It was the second suicide attack involving a woman in less than two weeks in one of Iraq's most violent provinces and one of many in recent months that have targeted the U.S.-backed groups, which are credited with helping stem Iraq's violence along with the influx of American troops.
Ten of those killed in the attack in the Diyala province city of Muqdadiyah were members of the local anti-al-Qaida group who have partnered with U.S. and Iraqi forces to rid their neighborhood of militants, said Brig. Gen. Mohammed al-Tamimi, the city police chief.
Al-Tamimi said 15 people were killed at least 20 people were injured. The U.S. military put the casualty toll at 12 people killed and 17 wounded, but the statement said there was no confirmation that any of the dead or wounded were part of the anti-al-Qaida group. About half the wounded were taken to a nearby base for treatment, said Maj. Peggy Kageilery, a U.S. military spokeswoman for northern Iraq.
Another police official said the suicide bomber was a former member of Saddam Hussein's Baath Party and identified her as a local woman named Suhaila Hussein Ali. The official spoke on condition of anonymity because he was not authorized to release details of the attack.
The explosion occurred about 9:30 a.m. on the outskirts of Muqdadiyah, a majority Sunni city about 90 kilometers (60 miles) north of Baghdad, on a road leading to the town market, al-Tamimi said.
On Nov. 27, a woman blew herself up near an American patrol near Diyala's provincial capital Baqouba, wounding seven U.S. troops and five Iraqis, the U.S. military said.
In April in Muqdadiyah, a woman with explosives hidden beneath her black abaya detonated them in a crowd of police recruits, killing at least 16 men waiting to learn if they had been hired.
Since then, violence has declined nationwide in Iraq, but is still frequent in the north, where al-Qaida militants and other extremists are believed to have fled a U.S.-led security crackdown that began in mid-February in Baghdad.
As the influx of U.S. troops gained momentum earlier this year, American officials have courted both Sunni and Shiite tribal leaders around the country, hoping they will help lead local drives against al-Qaida and other militants. A similar effort saw some success in Iraq's westernmost province, Anbar, where Sunni tribes rose against the organization's brutality and austere version of Islam.
The groups now include some 60,000 Iraqis nationwide, most of them Sunni Arabs, according to the U.S. military, and members have come increasing attack from militants trying to offset recent security gains.
Since the groups began forming in Diyala in July, many of their members have faced deadly militant strikes. In Baqouba, at least 13 have died in suicide attacks, roadside bombings shootings, according to records compiled from local police. In September in the provincial capital, a suicide bomber struck a U.S.-promoted reconciliation meeting of Shiite and Sunni tribal sheiks, killing at least 15 people.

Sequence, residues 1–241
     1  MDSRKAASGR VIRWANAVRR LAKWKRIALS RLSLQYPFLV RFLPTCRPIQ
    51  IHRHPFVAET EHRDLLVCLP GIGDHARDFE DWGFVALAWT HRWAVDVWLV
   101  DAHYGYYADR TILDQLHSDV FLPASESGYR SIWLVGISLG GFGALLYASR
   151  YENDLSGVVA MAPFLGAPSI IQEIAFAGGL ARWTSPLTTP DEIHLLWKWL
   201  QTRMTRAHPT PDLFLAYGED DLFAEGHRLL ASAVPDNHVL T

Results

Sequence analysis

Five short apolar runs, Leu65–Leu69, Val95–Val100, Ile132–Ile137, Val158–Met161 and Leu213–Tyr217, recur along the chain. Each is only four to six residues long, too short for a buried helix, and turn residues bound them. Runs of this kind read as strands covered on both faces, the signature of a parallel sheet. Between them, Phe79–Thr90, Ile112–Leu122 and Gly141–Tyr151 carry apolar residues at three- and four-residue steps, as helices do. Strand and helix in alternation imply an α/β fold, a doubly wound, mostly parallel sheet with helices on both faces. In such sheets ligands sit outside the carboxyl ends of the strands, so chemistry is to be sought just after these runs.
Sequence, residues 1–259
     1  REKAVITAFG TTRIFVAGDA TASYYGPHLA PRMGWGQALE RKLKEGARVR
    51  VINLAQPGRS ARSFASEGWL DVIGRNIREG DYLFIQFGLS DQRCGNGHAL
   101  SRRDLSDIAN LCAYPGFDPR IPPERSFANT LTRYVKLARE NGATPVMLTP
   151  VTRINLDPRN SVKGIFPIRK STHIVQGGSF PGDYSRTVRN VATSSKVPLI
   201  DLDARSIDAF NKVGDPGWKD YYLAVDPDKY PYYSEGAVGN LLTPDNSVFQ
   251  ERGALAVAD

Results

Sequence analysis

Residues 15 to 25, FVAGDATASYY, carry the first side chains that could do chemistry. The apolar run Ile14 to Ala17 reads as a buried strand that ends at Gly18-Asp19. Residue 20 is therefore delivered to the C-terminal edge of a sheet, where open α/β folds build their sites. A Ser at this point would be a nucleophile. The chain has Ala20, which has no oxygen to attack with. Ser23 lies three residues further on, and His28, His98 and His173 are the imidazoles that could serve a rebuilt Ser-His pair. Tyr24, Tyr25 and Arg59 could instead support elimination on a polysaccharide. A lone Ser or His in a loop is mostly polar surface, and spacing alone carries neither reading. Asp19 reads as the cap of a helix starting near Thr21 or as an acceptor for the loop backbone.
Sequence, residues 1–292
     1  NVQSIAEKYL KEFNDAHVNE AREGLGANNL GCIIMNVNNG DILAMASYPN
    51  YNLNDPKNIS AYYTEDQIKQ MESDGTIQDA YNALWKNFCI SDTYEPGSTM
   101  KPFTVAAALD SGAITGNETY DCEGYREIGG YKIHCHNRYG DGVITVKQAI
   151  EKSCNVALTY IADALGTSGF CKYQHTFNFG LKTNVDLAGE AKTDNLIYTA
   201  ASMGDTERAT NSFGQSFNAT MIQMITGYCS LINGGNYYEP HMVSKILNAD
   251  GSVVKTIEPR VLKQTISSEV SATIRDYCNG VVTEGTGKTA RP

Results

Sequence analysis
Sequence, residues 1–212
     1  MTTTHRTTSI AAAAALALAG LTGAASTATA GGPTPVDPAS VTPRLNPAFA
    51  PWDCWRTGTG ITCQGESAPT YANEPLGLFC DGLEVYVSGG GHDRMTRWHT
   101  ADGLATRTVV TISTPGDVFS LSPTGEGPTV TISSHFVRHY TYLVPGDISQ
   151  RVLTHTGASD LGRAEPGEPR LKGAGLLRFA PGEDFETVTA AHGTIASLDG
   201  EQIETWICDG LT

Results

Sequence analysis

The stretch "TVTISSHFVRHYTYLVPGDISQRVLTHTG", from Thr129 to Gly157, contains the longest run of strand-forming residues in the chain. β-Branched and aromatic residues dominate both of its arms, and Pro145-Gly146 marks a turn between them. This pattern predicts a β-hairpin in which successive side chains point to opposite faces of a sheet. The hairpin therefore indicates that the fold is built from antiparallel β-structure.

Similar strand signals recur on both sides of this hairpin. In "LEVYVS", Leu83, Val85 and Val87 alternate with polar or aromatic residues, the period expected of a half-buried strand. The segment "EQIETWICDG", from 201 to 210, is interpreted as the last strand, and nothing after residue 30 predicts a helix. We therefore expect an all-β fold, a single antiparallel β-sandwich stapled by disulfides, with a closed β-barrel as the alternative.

Before Friday's attack in Mugdadaiyah, 25 members of the groups had been killed, the records showed.
In Mosul, 360 kilometers (225 miles) northwest of Baghdad, gunmen ambushed three vehicles carrying members of the local anti-al-Qaida group late Thursday, killing five of them - including a tribal leader - said police Brig. Gen. Mohammed al-Wakaa said.
In Salahuddin province, also north of Baghdad, 55 suspected al-Qaida militants were detained and a cell leader killed in joint raids by Iraqi troops and American special forces, the U.S. military said Friday. According to the military statement, the cell targeted in one raid Thursday near Balad was believed responsible for a roadside bombing in November that killed three U.S. airmen.
In the far north, a bomb exploded beneath a key oil pipeline in al-Fatha, east of Beiji,but oil continued to flow through the damaged pipe, Iraqi police said. Emergency officials were working to extinguish the fire and keep the oil from seeping into the nearby Tigris River, they said.
Beiji _ 250 kilometers (155 miles) north of Baghdad - houses northern Iraq's largest oil refinery, and serves as a key transfer point for crude oil being exported out of Iraq. The U.S. military had no immediate comment on the pipeline bombing.
With violence largely declining, the United States has pushed Iraq's government to make strides in reconciling Sunni Arabs, Shiites and Kurds - a step seen as key to keeping the peace in the country.
A stumbling block in recent days has been a dispute over raids on the home and offices of Adnan al-Dulaimi, one of Iraq's most powerful Sunni politicians that led to the arrest of his security detail, after a guard was found with the keys to an explosives-rigged car.
He accused the Shiite-led government of trying to silence a pro-Sunni voice with virtual house arrest. The government says he was under protection because he no longer had bodyguards. Al-Dulaimi was kept under guard for three days following the raid last Thursday night, then shifted to a hotel in the fortified Green Zone.
He returned home on Friday, and said the Iraqi military sent Humvees along with him.
"I do not need protection, and I think that these vehicles were meant to put me under observation rather than protecting me," he told The Associated Press.
During a sermon Friday at Baghdad's main Sunni mosque, Sheik Jamal al-Obeidi said the dispute over al-Dulaimi pointed to a broader problem: "Iraq's government talks publicly about national reconciliation, but in reality we do not find this reconciliation."
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